Agile engineering in gardens

When I left the family farm behind for the big city University life, I swore a mighty oath that my hands would never touch dirt again. Fifteen years later, I had to reverse my stance after Michelle and I bought our first house together. We were doing the home renovation thing, and as part of that, we re-factored the gone-wild planting beds into something attractive. And we both fell in love with sculpting living things into art. Michelle’s the best color arrangement and plant placement of the two of us; I do more on the hardscaping, line of sight issues and usability analysis. Then we geek out in the middle on aesthetics. Sometimes I’ll enhance the look and feel, sometimes she’ll make a usability improvement that I hadn’t thought of.
The more I worked incrementally improving our garden, the more it reminded me of software engineering in a rapid prototype environment. Yes, I am that geeky! But most of all, it reminded me of trying to design and build a game. You have to have the full user experience available before you can immerse the user in it and evaluate their actions, likes and dislikes. So when you’re building something complicated that costs a lot of money, it’s really hard to come up with a schedule and a plan for something that is, by definition not truly understandable until it is already up and running!
Our Walnut Creek garden is the best of our efforts. A complete, Desolation of Smaug piece of crap when we started the overhaul. With a moderate amount of hard work, and a large amount of lazily lounging and evaluating potential design decisions in the comfort of our wonderful garden, we came up with some pretty nifty designs!

Here is the process we used, and before/after pictures:

There is always an interesting effect as we broke in new sections of the garden. Basically, our rule was is that whoever paid the price in time and sweat to recondition an area for a mini garden got to completely control the implementation. In other words, if you dig up the ground, you get to decide what to plant! We filled in the different mini garden areas, and an interesting secondary effect came up; what do you do about the seams between, say, a new Larry project area that borders a Michelle project with a different theme? This turned out to be perhaps the most exciting piece, where we got to riff a bit off of each other’s ideas, and incorporate the view of the different mini gardens into the overall line of sight plans. And even on my pieces, she’ll grok something I missed, leading to further bouncing delights 😉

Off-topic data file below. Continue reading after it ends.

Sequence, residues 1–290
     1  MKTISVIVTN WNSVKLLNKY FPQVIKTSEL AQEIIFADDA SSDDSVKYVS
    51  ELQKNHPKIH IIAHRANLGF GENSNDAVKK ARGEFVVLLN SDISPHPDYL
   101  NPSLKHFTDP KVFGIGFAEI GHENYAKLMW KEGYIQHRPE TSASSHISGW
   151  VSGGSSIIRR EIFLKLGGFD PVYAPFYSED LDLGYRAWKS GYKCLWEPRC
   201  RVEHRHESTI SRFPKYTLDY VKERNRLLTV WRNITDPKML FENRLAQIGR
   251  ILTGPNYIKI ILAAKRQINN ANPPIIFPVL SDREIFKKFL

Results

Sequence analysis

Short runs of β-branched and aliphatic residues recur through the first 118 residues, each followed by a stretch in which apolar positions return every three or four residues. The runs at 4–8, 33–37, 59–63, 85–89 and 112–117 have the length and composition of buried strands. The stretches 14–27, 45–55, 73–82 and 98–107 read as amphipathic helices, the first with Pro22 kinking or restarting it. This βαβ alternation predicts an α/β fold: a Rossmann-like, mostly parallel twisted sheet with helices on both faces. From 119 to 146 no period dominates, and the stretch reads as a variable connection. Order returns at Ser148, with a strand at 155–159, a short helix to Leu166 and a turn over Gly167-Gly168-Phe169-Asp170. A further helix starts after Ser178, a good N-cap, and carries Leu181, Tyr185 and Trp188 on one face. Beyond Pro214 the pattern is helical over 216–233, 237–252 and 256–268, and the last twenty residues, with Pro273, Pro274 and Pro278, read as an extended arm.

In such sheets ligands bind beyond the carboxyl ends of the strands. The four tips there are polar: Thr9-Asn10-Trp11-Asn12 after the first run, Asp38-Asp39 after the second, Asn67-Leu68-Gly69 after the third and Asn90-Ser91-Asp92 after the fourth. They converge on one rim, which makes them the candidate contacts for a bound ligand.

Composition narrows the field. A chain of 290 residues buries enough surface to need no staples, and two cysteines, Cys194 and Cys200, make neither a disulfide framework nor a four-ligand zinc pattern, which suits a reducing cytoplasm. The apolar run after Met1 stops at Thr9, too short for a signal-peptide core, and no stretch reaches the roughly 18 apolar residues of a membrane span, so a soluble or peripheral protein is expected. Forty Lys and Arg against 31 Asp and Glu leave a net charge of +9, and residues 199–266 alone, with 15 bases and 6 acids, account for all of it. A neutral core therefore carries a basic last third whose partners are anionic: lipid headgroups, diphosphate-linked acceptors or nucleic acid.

We have, I think seven mini gardens? A mini garden I define as a reasonable sitting area that provides a different look and feel from the other areas, and different patterns of sun and shade. Across the aggregate, you could be outside in the sun or shade anytime of day, any season of the year, just by moving your chair to a different seating area. And to Chris Kosmakos’ unending delight, I grew tired of dragging chairs around, and simply pre-populated all the sitting areas with chairs. Chris and I did a lot of software design work for The Sims project in the garden, as well as just kicking back and having a lot of intriguing conversations on software, people and whatever else came up that day! Chris was also outrageously surprised one day when he commented on the number of fruit trees that we planted, saying that we clearly love fruit. Well, I explained, I actually don’t really like fruit at all. And Chris righteously squawked: “What! Then why do you have so many bloody fruit trees?”